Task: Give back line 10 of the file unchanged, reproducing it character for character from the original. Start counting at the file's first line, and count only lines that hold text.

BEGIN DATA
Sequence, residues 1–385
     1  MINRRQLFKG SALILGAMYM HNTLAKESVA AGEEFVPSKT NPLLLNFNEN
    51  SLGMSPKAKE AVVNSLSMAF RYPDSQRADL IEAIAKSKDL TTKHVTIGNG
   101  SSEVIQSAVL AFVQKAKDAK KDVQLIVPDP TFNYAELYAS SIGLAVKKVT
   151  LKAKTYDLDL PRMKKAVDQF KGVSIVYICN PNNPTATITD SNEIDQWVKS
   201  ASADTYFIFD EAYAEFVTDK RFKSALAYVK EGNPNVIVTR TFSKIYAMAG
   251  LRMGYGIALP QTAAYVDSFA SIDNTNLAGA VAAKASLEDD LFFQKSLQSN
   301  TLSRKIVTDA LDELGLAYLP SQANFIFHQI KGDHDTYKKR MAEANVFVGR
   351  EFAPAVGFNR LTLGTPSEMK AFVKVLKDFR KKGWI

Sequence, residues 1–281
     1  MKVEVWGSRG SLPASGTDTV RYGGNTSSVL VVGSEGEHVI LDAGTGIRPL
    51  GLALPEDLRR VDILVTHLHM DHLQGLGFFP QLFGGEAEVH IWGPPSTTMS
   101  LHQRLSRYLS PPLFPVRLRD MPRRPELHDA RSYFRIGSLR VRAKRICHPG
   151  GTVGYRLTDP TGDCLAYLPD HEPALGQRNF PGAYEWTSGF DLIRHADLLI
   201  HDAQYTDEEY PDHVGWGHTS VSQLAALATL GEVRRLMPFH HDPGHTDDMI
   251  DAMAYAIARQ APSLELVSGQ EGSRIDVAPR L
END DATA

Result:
Sequence, residues 1–281